Consider a chemical reaction like

$$ (-\nu_1) R_1 + (-\nu_2) R_2 \Leftrightarrow \nu_3 R_3 + \nu_4 R_4 $$

with the Gibbs free energy

$$ dG = -SdT + VdP + \sum_i \mu_i dN_i \, . $$

The amounts of each reagent are given by $$ N_i(\xi) = N_i^{(0)} + \nu_i \xi $$

yielding an overall Gibbs free Energy like, $$ dG = -SdT + VdP + \left(\sum_i \mu_i \nu_i\right) d\xi \, . $$

$ \xi $ is the extent to which the reaction has taken place which I expect to have a temperature and pressure dependence (eg. water dG vs. T)

How do you solve for this dependence?

  • 1
    $\begingroup$ Suppose that the temperature and pressure are controlled so that they are held constant as the reaction mixture is approaching equilibrium. That tells you that, at equilibrium, the G of the mixture is minimized. $\endgroup$ – Chet Miller Jul 17 '17 at 12:15
  • $\begingroup$ Yes, but it doesn't tell me what the $\xi$ of equilibrium is. I'd like to know how fast the reaction would progress. I guess I'm assuming there's some point when the reaction is no longer favorable. $\endgroup$ – ignorance Jul 17 '17 at 12:34
  • $\begingroup$ You have $\sum{\nu_i \mu_i}=0 $, and $\mu_i$ is a function of $\xi$ $\endgroup$ – Chet Miller Jul 24 '17 at 14:58
  • $\begingroup$ @ChesterMiller, how do you get the dependance? Do you have to look it up in a table or use Stat Mech to get the partition function? The tables for Gibbs free energy of formation en.wikipedia.org/wiki/Standard_Gibbs_free_energy_of_formation (which I assume are the $\mu$'s) don't include a dependance on any of the $ T, P, \mu $ like I would expect physics would depend on. $\endgroup$ – ignorance Jul 24 '17 at 16:57
  • $\begingroup$ Would you be willing to settle for the chemical potential equation for an ideal gas species in terms of its partial pressure? $\endgroup$ – Chet Miller Jul 24 '17 at 18:31

I think I was over thinking it. It doesn't seem that difficult, but let me illustrate with an example.

Given we are interested in 4 species of particles, we would expect a total Hamiltonian like, \begin{align} \mathcal{H}\big(\mathbb{Q}, \mathbb{P}; \vec{N}\big) &= \sum_{i=1}^4 \mathcal{H}_i\big(\mathbb{Q}_i \subset \mathbb{Q}, \mathbb{P}_i \subset \mathbb{P} ; \vec{N}_i\big) + U\big(\mathbb{Q}, \mathbb{P}\big) \end{align} where $ | \mathbb{Q}_i | = | \mathbb{P}_i | = N_i $.

Thinking about a single species system, computing the Isothermal-Isobaric ensemble gets you the Gibbs free energy, \begin{aligned} G(T, P, N) &= -k T\log \Delta (N,P,T) \\ &= -k T \log \left[ {\frac {C}{h^{3}}}\int {\mathrm {e}}^{{-\beta (H(q,p) + PV)}}~d^{{3N}}q~d^{{3N}}p~dV \right] \end{aligned}

If you compute this for a multi-species particle, then you can get $ \sum_i \mu_i \nu_i = \sum_i \frac{dG}{dN_i}\frac{dN_i}{d\xi} = 0 $ as the chemical equilibrium point as a function of $ P, T $.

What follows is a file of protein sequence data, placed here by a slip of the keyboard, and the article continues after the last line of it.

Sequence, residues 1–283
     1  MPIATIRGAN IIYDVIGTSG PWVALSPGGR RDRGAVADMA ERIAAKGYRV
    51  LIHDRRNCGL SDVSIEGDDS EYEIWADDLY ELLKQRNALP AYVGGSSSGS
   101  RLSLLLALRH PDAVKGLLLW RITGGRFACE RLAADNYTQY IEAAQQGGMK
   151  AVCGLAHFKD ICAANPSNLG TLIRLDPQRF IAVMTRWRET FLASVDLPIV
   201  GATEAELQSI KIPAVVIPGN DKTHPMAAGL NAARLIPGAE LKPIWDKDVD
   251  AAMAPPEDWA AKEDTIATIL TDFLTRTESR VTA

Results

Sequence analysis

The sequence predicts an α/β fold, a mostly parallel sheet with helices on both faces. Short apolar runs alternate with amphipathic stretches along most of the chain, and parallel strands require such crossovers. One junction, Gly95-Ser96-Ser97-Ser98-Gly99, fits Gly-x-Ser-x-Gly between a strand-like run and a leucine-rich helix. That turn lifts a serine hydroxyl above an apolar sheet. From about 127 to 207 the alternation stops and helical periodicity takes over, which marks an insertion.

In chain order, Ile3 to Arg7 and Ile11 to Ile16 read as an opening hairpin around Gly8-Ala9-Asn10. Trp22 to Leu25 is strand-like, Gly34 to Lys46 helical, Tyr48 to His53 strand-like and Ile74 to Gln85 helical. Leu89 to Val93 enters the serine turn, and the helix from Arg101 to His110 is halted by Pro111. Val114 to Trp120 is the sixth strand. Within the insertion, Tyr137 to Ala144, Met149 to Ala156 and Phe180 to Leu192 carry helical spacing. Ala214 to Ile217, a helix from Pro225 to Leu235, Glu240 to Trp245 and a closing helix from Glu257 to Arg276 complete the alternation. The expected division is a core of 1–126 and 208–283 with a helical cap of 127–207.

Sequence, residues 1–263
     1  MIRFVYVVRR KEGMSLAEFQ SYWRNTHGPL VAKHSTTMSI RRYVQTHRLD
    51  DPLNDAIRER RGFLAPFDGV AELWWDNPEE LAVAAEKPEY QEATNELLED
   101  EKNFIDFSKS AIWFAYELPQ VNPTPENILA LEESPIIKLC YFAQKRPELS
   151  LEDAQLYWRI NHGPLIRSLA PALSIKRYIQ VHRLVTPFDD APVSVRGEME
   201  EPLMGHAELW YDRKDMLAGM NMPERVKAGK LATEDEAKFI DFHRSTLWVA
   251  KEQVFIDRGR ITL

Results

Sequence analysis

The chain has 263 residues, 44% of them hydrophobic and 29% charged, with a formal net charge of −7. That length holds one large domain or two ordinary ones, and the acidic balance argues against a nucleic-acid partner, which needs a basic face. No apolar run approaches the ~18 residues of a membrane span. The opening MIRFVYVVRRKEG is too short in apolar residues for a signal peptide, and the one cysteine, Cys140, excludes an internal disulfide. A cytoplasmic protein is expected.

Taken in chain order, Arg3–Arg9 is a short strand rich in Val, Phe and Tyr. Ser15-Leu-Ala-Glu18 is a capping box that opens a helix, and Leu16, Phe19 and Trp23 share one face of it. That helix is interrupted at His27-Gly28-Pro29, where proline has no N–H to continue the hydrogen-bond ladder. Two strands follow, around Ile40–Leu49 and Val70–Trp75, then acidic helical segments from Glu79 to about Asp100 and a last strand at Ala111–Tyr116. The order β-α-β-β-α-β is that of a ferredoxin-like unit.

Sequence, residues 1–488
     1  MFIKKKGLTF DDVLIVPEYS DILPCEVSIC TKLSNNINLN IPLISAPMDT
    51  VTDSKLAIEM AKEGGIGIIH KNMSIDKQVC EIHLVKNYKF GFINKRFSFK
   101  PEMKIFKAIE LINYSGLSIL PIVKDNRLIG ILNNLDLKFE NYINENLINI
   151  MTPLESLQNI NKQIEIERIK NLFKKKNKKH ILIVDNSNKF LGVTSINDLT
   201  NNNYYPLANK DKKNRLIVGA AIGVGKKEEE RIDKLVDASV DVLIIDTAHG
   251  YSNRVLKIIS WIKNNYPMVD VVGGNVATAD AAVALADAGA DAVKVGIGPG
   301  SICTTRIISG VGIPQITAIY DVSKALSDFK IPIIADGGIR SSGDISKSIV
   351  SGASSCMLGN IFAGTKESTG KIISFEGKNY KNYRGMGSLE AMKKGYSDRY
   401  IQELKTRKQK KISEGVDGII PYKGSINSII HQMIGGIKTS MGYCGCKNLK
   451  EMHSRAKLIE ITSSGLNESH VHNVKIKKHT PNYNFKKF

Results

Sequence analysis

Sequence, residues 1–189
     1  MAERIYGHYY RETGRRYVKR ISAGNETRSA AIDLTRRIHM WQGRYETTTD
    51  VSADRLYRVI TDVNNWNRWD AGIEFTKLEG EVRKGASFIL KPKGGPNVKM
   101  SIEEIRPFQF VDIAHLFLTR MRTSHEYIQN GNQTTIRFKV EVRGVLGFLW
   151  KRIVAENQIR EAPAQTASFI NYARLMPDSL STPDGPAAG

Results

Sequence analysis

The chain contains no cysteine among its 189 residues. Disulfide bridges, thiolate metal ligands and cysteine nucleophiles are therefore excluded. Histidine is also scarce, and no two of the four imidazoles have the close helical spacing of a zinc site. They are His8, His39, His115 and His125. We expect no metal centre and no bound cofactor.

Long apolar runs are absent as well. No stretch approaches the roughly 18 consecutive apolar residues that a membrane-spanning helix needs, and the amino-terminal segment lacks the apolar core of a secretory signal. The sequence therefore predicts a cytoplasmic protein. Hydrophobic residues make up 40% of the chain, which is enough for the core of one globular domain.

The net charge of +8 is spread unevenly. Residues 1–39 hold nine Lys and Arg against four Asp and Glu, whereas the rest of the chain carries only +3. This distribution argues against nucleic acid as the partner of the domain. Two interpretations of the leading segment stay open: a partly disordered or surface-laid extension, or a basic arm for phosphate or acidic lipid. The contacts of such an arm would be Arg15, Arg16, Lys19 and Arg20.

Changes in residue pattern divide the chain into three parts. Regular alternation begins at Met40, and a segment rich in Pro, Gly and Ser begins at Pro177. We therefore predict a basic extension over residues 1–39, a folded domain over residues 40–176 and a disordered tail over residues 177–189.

Ideal Gas Example

For an ideal gas (see Section 2.4 these lecture notes), \begin{align} G(T, P, N) = -N k_B T \log \left[ \frac{k_B T}{P} \cdot \frac{(2\pi m k_B T)^{3N/2}}{h^{3N}} \right] \end{align} in chemistry, its written like $ G(T, P, N) = G(P_0) + nRT \ln\left(\frac{P}{P_0}\right) $. I'm ignoring the fact that this differs from the Stat Mech version and just using the stat mech version.

Going back to the multi-species problem, if we drop the interaction term $ U\big(\mathbb{Q}, \mathbb{P}\big) $ and assume an ideal gas, then \begin{align} G(T, P, N) &= -\sum_i N_i k_B T \log \left[ \frac{k_B T}{P} \cdot \frac{(2\pi m_i k_B T)^{3N_i/2}}{h^{3N_i}} \right] \\ &= \sum_i G_i \end{align} I am just taking $ P, T $ to be the same for each species because they are Lagrange multipliers and Laplace transform variables, so having multiple doesn't make much sense to me

Then, \begin{align} \sum_i \mu_i \nu_i = \sum_i \frac{dG_i}{dN_i}\frac{dN_i}{d\xi} = - \sum_i \nu_i k_B T \log \left[ \frac{k_B T}{P} \right] + 2 \big( N^{(0)}_i + \nu_i \xi \big) k_B T \log \left[\frac{(2\pi m_i k_B T)^{3/2}}{h^{3}} \right] \end{align}

Setting this equal to zero, taking $ m_i = m $, and the translation partition function $ {\displaystyle \Lambda ={\frac {h}{\sqrt {2\pi mk_{B}T}}}} $, \begin{align} \xi = \frac{\sum_i \log \left[ \left(\frac{k_B T}{P}\right)^{\nu_i} \Lambda^{6 N^{(0)}_i} \right]}{\sum_i \log \left[\Lambda^{-6 \nu_i } \right]} \end{align}

  • $\begingroup$ "I am just taking P,T to be the same for each species because they are Lagrange multipliers and Laplace transform variables, so having multiple doesn't make much sense to me" Love that sentence. Just shows the difference between thinking like a experimentalist and a theoretician. $\endgroup$ – user224659 Jan 10 '20 at 6:52

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